Environmental Leadership Program
2011 – 2012
This program provides a small group of Gettysburg students (limited to 10-12 students) with a unique opportunity to gain a greater understanding of environmental policy issues and to develop their leadership skills. These objectives are achieved through guided discussion sessions and readings, as well as real world experiences that are designed to expose students to environmental problems and solutions. Students are provided meaningful opportunities to interact with environmental policy leaders and to learn from leading scholars in the field. The program is open to all students who have an interest in environmental issues, regardless of their major or previous course work. The substantive theme for the 2011-2012 program is “Environmental Security in the 21st Century.” Students will consider the security impact: of natural resource scarcity, climate change, energy dependence, and environmental extremism, as well as the environmental impact of military operations and training.
Eisenhower Institute Fellow, Howard Ernst, Ph.D.
Howard Ernst is an associate professor of political science at the United States Naval Academy (where he teaches environmental policy and environmental security courses), Senior Scholar at University of Virginia’s Center for Politics, and Director of the Kohler Environmental Center in Wallingford, CT. He is the author of six books and is best known for his work in the area of environmental politics. His publications in this area have been adopted by environmental policy courses throughout the country and highlighted by numerous media outlets: including the Washington Post, National Public Radio and PBS Frontline. Professor Ernst will lead the program by delivering relevant lectures, guiding student discussions, organizing and attending field experiences, and facilitating the student research symposium.
Environmental Change and Security Program (Wilson Center): http://www.wilsoncenter.org/program/environmental-change-and-security-program
Institute for Environmental Security: http://www.envirosecurity.org/
Foundation for Environmental Security and Sustainability: http://www.fess-global.org/
The program is divided into three complementary parts: A) structured discussions and readings that provide students with the conceptual grounding necessary to understand the annual theme; B) field experiences that provide students exposure to people and issues related to the annual theme; and C) a student run symposium in which seminar participants present key findings from their research topic.
A) Lectures, Discussions, and Readings: Students are required to complete their assigned readings prior to each session. Each session begins with a brief lecture that introduces students to key concepts, followed by a directed discussion of the concepts. The sessions will focus on four specific environmental security topics:
1) Environmental Security Overview: Readings, lecture and discussion regarding the major ideas related to the field of environmental security.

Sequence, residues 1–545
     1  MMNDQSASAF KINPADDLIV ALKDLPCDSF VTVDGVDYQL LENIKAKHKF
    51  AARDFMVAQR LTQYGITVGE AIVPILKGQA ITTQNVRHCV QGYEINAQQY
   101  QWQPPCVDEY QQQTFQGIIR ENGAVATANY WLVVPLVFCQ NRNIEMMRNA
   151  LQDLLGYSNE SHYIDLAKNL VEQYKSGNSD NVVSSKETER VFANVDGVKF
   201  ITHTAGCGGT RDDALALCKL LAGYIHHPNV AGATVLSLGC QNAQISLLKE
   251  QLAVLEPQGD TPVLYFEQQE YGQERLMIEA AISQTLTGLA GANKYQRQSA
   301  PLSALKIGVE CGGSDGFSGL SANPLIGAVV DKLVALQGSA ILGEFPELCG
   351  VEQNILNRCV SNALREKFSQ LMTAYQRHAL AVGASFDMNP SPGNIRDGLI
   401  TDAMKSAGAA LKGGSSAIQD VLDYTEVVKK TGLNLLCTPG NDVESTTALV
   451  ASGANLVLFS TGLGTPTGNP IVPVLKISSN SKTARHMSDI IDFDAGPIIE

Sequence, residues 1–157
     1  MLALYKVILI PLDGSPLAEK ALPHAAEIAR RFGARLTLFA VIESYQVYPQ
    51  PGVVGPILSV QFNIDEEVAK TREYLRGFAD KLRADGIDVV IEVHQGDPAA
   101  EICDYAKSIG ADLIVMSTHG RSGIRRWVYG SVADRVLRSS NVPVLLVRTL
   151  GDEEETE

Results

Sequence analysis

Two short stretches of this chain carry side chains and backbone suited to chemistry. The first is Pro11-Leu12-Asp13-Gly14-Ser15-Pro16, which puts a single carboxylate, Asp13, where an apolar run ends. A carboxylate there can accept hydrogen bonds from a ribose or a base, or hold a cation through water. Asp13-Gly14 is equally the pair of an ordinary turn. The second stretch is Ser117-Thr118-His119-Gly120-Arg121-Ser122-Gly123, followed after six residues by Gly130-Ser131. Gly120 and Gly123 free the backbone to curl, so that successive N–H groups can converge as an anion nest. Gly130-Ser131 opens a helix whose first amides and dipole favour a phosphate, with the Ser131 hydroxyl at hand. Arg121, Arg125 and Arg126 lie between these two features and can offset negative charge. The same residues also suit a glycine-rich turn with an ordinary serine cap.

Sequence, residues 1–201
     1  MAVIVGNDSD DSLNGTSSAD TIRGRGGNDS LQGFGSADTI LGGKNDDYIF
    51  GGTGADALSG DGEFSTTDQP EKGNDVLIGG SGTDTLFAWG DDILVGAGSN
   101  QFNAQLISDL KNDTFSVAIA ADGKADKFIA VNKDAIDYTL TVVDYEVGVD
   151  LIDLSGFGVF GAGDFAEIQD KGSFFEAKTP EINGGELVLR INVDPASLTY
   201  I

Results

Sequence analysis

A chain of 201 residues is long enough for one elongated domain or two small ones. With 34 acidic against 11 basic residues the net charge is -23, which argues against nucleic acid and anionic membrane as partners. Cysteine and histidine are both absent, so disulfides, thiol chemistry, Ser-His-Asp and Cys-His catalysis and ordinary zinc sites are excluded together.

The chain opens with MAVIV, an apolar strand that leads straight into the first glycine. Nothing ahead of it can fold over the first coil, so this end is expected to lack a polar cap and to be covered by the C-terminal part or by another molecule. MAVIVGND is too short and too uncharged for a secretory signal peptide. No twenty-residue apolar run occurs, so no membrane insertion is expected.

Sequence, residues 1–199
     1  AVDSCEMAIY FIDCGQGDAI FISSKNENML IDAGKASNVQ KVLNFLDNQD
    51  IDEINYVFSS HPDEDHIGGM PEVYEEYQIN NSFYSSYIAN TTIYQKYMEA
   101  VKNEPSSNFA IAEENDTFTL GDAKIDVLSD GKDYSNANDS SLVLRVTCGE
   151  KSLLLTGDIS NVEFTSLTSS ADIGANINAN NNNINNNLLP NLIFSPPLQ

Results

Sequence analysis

Saturday, Sept 24, 2011 (12:00-2:00)
Homer-Dixon, Environment, Scarcity, and Violence (Princeton University Press, 1999).
2) Environmental Extremism (Reconsidered): Readings, lecture and discussion concerning the philosophical foundations of radical environmental thought and the tactics of radical environmental groups, as well as discussion of law enforcement efforts against radical environmental groups in the Post-September 11th security climate.
Saturday, Oct 15, 2011 (10:00-12:00), Breidenbaugh Hall – room 205
Rik Scarce, Eco-Warriors: Understanding the Radical Environmental Movement (Left Coast Press, 2006).
Howard Ernst, “Assessing the Threat of Radical Environmental Groups” START Study (Unv. MD START, 2011). EMAILED TO STUDENTS
3) Greening of the Pentagon? Readings, lecture and discussion concerning environmental programs currently underway within the Department of Defense (including a look at the impact of the U.S. Navy’s active sonar program on marine mammals and military cleanup efforts). EMAILED TO STUDENTS
Saturday, Oct 29 (10:00-12:00), Breidenbaugh Hall – room 205
Judith Layzer, “Government Secrets at Rocky Flats” The Environmental Case, Second Edition (CQ Press 2006).
4) Environmental Security Case Studies: A short film and discussion concerning a major case related to environmental security.
Saturday, Nov. 12 (10:00-12:00), Breidenbaugh Hall – room 205
B) Experiential Learning: This aspect of the program provides seminar participants with direct exposure to environmental problems and meaningful access to policy makers. Only students who participate in the seminar’s lectures and discussions may attend the field experiences:
C) Student Research Symposium: Each student will conduct at least one in-depth structured interview with a leading authority in the field of environmental security. Student researchers will summarize their findings in a structured research poster and publically present their findings at the end of the year symposium.
(time and date to be announced)